* The eponymous character of Pat Mill's ''ComicBook/{{Slaine}}'' comics is almost a straight expy of Cú Chullain. Same battles with Queen Medb, same barbed death spear, same horrible body-warping berserker rage. The whole series mixes Celtic Mythology with some ConanTheBarbarian, some [[EldritchAbomination Lovecraftian horror]] and a titch of Neo-pagan spirituality. Season with a punk rock aesthetic and serve.
* In a MarvelComics ''[[ComicBook/TheMightyThor Thor]]'' miniseries ''Thor: Blood Oath'', Thor and the Warriors Three are tasked with retrieving a spear called Slaughter from the Irish gods. The spear appears to be a combination of the Spear of Lugh and Gae Bolg. It's kept in a cauldron of blood to prevent it from killing anyone who happens to be nearby and is wielded by Chulain, though it doesn't have any extending barbs.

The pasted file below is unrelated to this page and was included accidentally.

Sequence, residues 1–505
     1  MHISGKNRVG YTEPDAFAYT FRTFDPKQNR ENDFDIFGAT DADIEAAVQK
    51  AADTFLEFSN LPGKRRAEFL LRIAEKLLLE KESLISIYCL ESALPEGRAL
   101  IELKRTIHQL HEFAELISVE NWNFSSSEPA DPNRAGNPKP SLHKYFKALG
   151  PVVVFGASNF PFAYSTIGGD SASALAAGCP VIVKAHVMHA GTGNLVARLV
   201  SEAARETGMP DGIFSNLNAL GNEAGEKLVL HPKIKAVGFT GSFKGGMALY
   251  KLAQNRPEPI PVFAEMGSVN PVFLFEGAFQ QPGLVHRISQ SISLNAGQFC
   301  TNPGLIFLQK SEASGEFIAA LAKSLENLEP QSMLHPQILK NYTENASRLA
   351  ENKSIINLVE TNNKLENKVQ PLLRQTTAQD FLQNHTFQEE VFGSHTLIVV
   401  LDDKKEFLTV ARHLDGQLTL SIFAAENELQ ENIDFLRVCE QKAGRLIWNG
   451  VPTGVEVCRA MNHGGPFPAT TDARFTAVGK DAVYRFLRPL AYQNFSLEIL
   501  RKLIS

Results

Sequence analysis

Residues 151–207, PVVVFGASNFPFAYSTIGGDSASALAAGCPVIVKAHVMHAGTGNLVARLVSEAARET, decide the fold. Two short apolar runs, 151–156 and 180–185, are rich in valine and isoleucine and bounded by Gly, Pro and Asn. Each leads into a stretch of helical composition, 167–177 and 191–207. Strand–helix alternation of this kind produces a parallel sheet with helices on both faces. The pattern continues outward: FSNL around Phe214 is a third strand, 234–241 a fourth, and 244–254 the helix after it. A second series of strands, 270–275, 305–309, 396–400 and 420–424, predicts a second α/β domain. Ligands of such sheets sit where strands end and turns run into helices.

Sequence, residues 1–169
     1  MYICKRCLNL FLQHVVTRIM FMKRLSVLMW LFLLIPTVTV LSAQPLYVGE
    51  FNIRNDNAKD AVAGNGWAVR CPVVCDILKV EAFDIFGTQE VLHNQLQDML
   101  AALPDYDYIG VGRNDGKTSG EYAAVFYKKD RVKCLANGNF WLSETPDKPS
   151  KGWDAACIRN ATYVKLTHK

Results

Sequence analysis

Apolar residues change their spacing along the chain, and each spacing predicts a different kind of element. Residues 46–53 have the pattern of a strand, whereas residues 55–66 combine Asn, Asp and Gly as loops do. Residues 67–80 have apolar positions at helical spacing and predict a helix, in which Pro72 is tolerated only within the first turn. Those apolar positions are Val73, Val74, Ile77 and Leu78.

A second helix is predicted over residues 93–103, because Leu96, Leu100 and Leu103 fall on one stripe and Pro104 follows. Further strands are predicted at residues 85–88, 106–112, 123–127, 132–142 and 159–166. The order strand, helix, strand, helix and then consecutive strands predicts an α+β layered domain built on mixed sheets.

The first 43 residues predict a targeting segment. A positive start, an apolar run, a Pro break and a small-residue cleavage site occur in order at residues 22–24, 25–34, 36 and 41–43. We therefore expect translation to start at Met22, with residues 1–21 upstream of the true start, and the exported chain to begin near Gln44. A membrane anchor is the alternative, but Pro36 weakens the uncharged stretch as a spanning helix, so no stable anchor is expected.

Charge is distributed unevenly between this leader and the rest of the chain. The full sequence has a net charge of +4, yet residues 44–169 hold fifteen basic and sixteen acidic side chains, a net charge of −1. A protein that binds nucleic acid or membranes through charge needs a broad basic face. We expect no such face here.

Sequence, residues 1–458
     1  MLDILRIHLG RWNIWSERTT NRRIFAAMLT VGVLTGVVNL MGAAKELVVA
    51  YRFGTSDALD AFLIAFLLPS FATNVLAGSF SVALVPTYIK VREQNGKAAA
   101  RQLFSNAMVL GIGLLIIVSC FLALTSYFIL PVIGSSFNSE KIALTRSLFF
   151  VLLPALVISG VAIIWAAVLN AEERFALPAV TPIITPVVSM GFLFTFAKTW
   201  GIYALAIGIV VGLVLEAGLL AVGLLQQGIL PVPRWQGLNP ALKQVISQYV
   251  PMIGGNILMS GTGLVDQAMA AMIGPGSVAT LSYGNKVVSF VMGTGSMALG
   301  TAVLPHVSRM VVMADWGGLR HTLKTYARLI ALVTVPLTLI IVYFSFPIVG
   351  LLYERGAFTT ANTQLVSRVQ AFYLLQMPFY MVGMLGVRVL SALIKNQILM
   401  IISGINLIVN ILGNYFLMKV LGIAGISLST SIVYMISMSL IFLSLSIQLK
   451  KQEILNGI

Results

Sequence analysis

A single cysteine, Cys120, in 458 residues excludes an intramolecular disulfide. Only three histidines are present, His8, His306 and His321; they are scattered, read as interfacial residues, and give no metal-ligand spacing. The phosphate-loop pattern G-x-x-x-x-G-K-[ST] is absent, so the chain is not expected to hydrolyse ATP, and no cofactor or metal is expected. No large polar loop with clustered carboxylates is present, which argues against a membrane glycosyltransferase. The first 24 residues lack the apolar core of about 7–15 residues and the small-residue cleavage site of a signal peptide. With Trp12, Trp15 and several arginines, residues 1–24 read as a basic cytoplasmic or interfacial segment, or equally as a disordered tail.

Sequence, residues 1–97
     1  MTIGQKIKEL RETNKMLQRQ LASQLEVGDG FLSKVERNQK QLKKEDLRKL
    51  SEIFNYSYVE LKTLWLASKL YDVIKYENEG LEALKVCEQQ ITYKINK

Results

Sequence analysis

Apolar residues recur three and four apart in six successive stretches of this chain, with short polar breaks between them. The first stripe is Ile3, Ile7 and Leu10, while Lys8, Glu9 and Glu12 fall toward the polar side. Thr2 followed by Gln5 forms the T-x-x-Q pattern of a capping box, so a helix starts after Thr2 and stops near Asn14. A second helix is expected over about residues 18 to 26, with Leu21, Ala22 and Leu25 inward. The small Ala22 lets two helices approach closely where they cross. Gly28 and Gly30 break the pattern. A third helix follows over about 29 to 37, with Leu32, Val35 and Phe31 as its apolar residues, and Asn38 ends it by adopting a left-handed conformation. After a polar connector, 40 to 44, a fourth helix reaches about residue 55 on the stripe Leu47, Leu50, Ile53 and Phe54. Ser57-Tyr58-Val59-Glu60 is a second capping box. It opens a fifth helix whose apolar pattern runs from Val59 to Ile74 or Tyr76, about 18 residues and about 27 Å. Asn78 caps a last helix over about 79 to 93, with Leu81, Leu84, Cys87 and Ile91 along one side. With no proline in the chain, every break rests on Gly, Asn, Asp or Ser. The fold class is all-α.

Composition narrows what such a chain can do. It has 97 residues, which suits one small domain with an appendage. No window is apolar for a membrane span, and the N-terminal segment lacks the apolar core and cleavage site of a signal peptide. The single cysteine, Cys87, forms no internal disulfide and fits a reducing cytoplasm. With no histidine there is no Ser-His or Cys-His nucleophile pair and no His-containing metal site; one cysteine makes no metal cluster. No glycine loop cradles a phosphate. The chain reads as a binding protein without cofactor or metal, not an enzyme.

* FrancoBelgianComics have had a large influx of Celtic Myth and Folklore-inspired titles in the TurnOfTheMillennium that is still going strong; in fact, one of the largest "bandes dessinées" publishers, Soleil, [[http://soleilceltic.com/ has a whole sub-imprint just for those]]. This is hardly surprising given that before Roman conquest France and Belgium were Gaul, the largest and most populous of the celtic lands, so it can be seen as going back to their roots (also a ready-made source of inspiration to help stay competitive in the face of {{manga}}, which is [[GermansLoveDavidHasselhoff extremely successful there]]).

[[AC:Film - Animated]]
* ''WesternAnimation/TheSecretOfKells'', being a film made and set in Ireland, is naturally filled with Celtic mythological elements as well as Christian ones. Aisling is stated by WordOfGod to be one of the Tuatha Dé Danann.

[[AC:{{Literature}}]]
* Creator/LloydAlexander's ''Literature/ChroniclesOfPrydain'' are inspired by Welsh mythology.
* Julian May's ''[[Literature/SagaOfTheExiles Saga of Pliocene Exile]]''